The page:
Frozen Assets is set up on the concept of spending one day cooking several meals and storing them so that you don’t have to cook again for the rest of the month. In addition to a wide selection of recipes, Taylor-Hough offers straight-forward information on preparing your kitchen for cooking day, and a supply list for stocking your kitchen and pantry. The recipes are arranged in mini-sessions.  Each mini-session features four to six recipes and has its own shopping list, prep instructions, and main ingredient theme (chicken, pork, pasta, vegetarian, etc.). So, you can combine two or three mini-sessions and cook a month’s worth of meals, or you can just tackle one mini-session at a time. There are several reasons why this cookbook works for me.

  • Even if I don’t have a whole afternoon to dedicate to cooking an entire mini-session, I can break the work up even further.  One day I shop for ingredients.  The next day I do all the prep work. Then, over the next few days, I put all the meals together.  Putting meals together goes very quickly when all the prep work is done.
  • Each recipe is sized to serve six, which makes it easy for me to prepare half the recipe for dinner that night and freeze the other half for later, OR I can double the recipe to use as a meal for my Supper Swap.
  • The fact that instructions on how to package, freeze, thaw, and reheat each dish are included is very helpful to me as a non-cook who doesn’t know how to handle that sort of business.
  • The recipes are all “lite”, meaning they are lower in fat and sodium, so I can feel good about feeding them to my family.
  • By buying a large amount of the theme ingredient when it is on sale, I save money.  When the freezer starts to get a little empty, I look at what is on sale to pick which mini-session I will cook next.
  • My kids are a little young now, but when they are older, doing a mini-session with them will be a great way to share time with them while we all learn about cooking.

There is a non-light version of this cookbook as well with different recipes.  You can buy both books at Amazon, but of course I recommend checking to see if your library has it so you can try it out for three or four months before you buy. ; )

As the world’s leading expert in being NOT domestic, I struggle almost daily with making dinner.  While I consider myself an organized planner with a type A personality, I just cannot master dinner. I get stuck on what to make, usually trying to think of something that is easy to prep because the kids will be harassing me while I make it.  I also need something that is easily reheatable or will stay warm for a long time, since we never really know what time Daddy will make it home on week nights.  My pantry is well stocked with ingredients, but I rarely remember to unthaw meat or get a marinade set up early in the day.  I feel guilty feeding my family “boxed” dinners with their copious amounts of sodium (and who knows what other chemicals) too many nights a week.  Sometimes I get so stressed that I don’t make anything at all, and the kids end up eating PB&J with apple slices while hubby and I spoon down cereal (I have mine with a side of guilt).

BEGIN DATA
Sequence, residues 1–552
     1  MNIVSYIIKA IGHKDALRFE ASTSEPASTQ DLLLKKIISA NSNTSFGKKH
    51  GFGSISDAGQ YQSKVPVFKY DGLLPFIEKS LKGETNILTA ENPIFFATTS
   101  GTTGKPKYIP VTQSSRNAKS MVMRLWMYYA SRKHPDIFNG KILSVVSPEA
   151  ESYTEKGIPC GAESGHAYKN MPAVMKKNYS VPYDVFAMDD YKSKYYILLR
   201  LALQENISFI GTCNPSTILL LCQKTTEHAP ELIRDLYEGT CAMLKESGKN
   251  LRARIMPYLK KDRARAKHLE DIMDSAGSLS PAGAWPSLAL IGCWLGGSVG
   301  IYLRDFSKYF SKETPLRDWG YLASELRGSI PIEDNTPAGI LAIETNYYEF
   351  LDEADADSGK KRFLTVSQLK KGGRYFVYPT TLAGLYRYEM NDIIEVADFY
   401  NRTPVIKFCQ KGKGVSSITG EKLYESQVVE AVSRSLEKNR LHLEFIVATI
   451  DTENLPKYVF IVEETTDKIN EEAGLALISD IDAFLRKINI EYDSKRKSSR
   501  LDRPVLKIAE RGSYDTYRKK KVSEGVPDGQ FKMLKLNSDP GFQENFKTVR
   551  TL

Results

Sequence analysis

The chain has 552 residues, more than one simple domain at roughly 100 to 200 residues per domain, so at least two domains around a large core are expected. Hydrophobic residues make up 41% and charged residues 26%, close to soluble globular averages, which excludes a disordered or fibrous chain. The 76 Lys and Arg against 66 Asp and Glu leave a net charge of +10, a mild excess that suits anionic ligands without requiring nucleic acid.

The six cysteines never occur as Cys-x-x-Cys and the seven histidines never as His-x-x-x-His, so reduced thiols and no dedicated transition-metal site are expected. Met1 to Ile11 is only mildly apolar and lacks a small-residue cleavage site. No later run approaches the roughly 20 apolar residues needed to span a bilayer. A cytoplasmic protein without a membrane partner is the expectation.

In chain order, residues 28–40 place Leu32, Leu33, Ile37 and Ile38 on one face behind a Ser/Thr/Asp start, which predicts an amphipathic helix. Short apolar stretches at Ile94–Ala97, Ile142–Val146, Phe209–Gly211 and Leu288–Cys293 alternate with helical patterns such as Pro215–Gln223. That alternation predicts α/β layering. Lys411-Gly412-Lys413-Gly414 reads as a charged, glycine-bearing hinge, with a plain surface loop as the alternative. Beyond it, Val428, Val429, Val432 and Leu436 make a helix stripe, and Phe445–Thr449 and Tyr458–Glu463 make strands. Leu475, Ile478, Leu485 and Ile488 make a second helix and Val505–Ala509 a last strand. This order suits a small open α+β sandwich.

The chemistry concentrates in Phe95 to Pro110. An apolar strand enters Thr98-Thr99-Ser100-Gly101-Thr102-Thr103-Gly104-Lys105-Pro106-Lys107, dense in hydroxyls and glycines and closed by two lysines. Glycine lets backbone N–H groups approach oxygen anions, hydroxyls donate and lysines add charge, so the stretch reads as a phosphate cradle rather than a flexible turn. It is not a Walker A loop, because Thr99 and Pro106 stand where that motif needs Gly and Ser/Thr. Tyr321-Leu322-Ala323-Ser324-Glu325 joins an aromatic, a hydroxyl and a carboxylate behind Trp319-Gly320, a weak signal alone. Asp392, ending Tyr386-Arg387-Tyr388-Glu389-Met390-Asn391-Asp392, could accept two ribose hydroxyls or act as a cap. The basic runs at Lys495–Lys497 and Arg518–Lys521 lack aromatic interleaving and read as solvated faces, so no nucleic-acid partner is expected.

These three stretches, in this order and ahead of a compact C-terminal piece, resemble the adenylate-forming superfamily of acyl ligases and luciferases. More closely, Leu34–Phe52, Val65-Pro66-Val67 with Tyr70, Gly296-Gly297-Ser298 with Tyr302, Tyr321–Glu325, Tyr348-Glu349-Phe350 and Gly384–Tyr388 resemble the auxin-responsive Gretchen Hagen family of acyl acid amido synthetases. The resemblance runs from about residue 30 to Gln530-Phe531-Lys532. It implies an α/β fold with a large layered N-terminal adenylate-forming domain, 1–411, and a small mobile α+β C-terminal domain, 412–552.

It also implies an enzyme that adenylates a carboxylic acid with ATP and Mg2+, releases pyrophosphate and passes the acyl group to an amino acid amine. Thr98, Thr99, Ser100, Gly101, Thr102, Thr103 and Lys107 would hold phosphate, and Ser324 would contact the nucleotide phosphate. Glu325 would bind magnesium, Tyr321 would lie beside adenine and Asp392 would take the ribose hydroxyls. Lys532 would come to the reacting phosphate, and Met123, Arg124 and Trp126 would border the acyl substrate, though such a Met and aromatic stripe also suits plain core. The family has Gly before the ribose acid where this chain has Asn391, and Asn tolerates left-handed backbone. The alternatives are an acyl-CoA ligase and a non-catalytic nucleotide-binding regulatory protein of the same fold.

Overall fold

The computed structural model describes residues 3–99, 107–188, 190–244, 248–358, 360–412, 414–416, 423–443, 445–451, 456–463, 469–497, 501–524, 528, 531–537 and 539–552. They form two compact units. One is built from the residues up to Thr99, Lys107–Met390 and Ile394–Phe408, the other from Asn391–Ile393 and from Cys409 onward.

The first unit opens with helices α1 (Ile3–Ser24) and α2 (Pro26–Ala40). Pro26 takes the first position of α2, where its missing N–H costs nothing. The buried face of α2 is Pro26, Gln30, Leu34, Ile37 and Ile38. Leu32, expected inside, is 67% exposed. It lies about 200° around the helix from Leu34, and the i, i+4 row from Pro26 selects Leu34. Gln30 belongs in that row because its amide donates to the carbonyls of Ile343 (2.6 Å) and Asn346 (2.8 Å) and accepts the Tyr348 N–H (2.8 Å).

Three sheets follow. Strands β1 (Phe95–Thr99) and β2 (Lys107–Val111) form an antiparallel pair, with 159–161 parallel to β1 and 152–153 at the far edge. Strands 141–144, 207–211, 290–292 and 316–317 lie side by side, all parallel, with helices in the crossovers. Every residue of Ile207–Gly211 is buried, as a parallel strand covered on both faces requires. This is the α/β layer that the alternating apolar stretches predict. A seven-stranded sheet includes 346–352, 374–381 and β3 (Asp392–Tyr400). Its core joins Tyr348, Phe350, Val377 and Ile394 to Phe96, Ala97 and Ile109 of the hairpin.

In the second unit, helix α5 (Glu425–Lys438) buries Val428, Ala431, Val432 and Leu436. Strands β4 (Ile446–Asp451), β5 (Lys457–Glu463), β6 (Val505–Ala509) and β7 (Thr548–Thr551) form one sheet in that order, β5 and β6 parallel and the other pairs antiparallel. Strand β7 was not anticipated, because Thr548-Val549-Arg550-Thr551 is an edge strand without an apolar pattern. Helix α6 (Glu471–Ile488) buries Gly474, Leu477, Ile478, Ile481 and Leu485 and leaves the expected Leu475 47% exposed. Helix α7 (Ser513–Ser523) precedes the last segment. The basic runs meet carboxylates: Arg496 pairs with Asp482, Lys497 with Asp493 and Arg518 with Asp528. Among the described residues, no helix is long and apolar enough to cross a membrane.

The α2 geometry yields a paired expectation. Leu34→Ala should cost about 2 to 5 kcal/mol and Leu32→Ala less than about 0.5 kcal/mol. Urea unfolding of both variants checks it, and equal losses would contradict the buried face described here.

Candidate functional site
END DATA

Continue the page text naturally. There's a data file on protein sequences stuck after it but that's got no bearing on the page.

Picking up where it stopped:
Then, I came across an article about supper swapping.  “Ah-ha!”  I thought.  “I can do this.”  supper swapping is a micro version of village-style dining.  Two or more families of similar size work together on a rotating schedule to provide meals for one another, so that each family has to cook dinner fewer nights each week.  For example, I recruited three mommy friends who have families of three or four and live nearby.  The four of us rotate cooking one “swap” meal per week.  So, in week one, Rebecca cooks and delivers a meal to the rest of us.  In week two, Lucy cooks and delivers, and so on.  Other supper swaps are set up so that each family cooks a meal on a set day of the week, meaning that each family only has to cook once per week.  That’s one great thing about setting up a supper swap – you can customize it to be whatever the families in your group would like.

The huge and obvious benefit for me is that I have one less night per week to stress about dinner.  In addition, it gives me more time to spend with the kids, and when Craig gets home, we can all sit down to a wonderful homemade dinner.  We get to try a lot of new dishes we haven’t had before, and the kids seem to get a kick out of knowing that “David’s Mom” cooked our meal.

So, gather up a couple friends and give it a try. Here are links to a couple resources to get you started:

http://www.trishberg.com/html/supperswapping.html

http://www.associatedcontent.com/article/157621/how_to_start_a_supper_swapping_group.html?cat=51

As a former website coordinator, I am ashamed to say that I am just now learning about RSS.  But then, in asking around, I didn’t find too many other people who know about it either.  RSS stands for Really Simple Syndication (in case you’re one of those people).  In essence, it allows you to “subscribe” to all your favorite websites through a RSS reader, which “feeds” you any new updates made to those websites.  So, instead of refreshing that really great blog site twenty times a day to make sure nothing new has been posted, you can just check your RSS reader.

I have been trying out Google’s RSS reader, called Google Reader, for about two weeks now.  I cannot believe I have waited this long to take advantage of this technology.  Essentially, by using the reader, I have taken away the need to click through my bookmarked websites, and I don’t waste time surfing to websites and blogs that don’t have any new content.  Google Reader is web-based, so there is no software to download to your computer. It is incredibly easy to use, even if you are not techno-savvy – the interface looks a lot like your email inbox. In my opinion, this tool is a must for those of us who have a limited amount of time to spend online, but who want to stay connected.  Oh, and did I mention it’s FREE?

Within 10 minutes, I had my reader up and running, with subscriptions to all of my favorite blogs.  I still have some websites I need to add in, but my list of bookmarks is quickly shrinking as my RSS feeds grow.  Many blogs and websites have a little RSS logo or icon (see mine up there in the upper right corner?) that you can click on to subscribe.  However, if you don’t find an icon on a site you want to subscribe to, you can just paste the site’s URL right into your reader, and if there is an RSS feed available, the reader will find it for you. As Google suggests, using RSS is much like creating your own custom online magazine with only the articles and information that you want in it. In my case, this means that my friend’s blog post about apple pie is right there next to the latest job postings for freelance writers.

I’m not going to waste any more of your time explaining how to use the reader – go and get it now!  My blog can be the first you subscribe to…